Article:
Evidence-based practice is an approach to making decisions. It relies on using the best available information about what is happening in a community, program or service to enable insight into solving issues.
Evidence is simply information that supports a claim. However, research evidence is different from general evidence, in that the information is systematically collected through the use of established research methods.
An evidence-based program is one that generates and uses research evidence to ensure the program can adapt to changes in community needs, the environment and context. In practice, this can mean using research methods and analytical tools to combine and draw meaning from data that is collected from a range of sources, such as:
» academic literature and research
» clients and community members
» the broader context and environment
All these forms of evidence can be used to develop a program or service, understand how an existing program is working and adapt programs and services to work better. Using evidence in this way helps to ensure better outcomes for our communities, families and children in Australia.
You can see some examples of evidence-based programs listed with the Australian Institute of Family Studies (AIFS).
The challenge of evidence-based practice
There are lots of good sources of evidence and research to support families and communities to be healthy and function well. However, research has not been conducted on every issue and with every community, and does not always lead to a simple solution to the complexities inherent in service delivery. Therefore, conducting evaluation of services delivered in a particular community setting, or with a particular group of individuals, is critical for testing the evidence that already exists, as well as contributing to the evidence-base. Evaluation is a useful tool for building the evidence-base for understanding the impact services are making, as well as enabling communities to be involved in shaping the services that are delivered to them.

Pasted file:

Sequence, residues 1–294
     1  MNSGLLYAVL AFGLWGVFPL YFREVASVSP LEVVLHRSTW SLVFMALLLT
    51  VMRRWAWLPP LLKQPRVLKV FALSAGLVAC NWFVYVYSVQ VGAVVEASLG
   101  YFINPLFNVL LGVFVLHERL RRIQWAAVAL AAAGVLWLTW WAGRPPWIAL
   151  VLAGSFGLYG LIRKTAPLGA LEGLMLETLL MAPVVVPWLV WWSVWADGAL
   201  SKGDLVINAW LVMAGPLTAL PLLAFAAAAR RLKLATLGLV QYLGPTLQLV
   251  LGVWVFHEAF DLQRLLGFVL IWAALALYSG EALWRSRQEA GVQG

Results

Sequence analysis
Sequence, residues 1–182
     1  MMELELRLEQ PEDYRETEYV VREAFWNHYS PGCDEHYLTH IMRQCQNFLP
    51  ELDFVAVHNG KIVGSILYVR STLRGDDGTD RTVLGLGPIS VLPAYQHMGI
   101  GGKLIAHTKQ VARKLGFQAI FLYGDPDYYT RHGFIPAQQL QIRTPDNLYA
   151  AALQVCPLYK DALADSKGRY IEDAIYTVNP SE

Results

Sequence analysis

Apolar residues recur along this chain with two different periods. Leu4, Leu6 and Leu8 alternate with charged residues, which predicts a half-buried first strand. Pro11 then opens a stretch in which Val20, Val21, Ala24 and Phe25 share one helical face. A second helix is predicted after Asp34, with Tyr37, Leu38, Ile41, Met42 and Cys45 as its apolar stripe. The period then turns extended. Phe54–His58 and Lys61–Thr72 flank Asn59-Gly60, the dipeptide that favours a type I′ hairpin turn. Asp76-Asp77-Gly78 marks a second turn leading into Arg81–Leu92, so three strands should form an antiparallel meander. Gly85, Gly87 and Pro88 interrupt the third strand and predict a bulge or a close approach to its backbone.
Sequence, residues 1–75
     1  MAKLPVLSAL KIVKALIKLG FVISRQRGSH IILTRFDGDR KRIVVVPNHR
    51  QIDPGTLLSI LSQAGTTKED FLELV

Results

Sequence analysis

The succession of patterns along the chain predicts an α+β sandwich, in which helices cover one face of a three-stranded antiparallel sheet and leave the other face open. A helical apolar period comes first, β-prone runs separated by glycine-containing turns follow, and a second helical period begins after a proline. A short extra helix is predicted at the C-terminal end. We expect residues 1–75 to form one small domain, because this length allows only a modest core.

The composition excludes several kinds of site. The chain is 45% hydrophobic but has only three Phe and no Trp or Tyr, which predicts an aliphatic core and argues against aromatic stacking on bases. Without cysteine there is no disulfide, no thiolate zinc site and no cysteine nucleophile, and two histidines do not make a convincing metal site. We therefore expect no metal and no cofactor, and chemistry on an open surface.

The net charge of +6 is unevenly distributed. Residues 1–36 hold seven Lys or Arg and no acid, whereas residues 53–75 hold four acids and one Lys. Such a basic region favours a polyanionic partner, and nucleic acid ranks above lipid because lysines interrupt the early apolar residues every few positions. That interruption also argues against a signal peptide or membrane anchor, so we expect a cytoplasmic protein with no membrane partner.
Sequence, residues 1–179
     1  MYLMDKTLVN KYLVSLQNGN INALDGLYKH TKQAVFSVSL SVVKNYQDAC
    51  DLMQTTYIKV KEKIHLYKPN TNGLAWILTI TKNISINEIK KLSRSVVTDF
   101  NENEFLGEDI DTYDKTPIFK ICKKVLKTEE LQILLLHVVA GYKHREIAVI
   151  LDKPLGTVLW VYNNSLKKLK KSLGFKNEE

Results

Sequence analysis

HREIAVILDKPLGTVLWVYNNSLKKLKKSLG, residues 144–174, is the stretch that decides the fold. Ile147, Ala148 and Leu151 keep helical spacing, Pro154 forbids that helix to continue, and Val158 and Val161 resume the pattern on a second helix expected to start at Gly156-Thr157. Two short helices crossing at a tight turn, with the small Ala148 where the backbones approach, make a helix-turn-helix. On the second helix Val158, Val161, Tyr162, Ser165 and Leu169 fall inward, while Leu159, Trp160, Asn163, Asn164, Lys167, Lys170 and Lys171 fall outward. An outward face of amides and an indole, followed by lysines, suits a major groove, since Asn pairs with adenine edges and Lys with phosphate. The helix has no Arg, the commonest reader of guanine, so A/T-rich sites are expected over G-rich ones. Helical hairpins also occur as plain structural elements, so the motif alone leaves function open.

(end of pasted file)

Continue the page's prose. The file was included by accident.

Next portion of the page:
This is not to say that adopting evidence informed programs and practices is easy. It can be difficult to access the latest research and information and build the organisational capacity to collect, interpret and use the evidence. Whilst the expertise of consultants from the evaluation sector have a lot to contribute, agencies may be able to develop and use internal resources and staff capacity, in order to innovate program design and planning in line with evidence. By developing an agency’s capacity to use evidence in their decision making, agencies are powerfully positioned to contribute to the growing wealth of practice-based evidence in the sector.
One of the choices available in the family service sector is to either select a program that has been determined as evidence-based, adapt an existing evidence-program, or establish a new evidence-based program. For each approach, it is important to cover the steps in program design and planning, as well as evaluation planning. This is true even when the program is an existing evidence-based program, as it is important that the program matches a needs, is relevant for the community and is monitored to ensure it is delivered as planned and evaluated to ensure it is meeting the desired outcomes.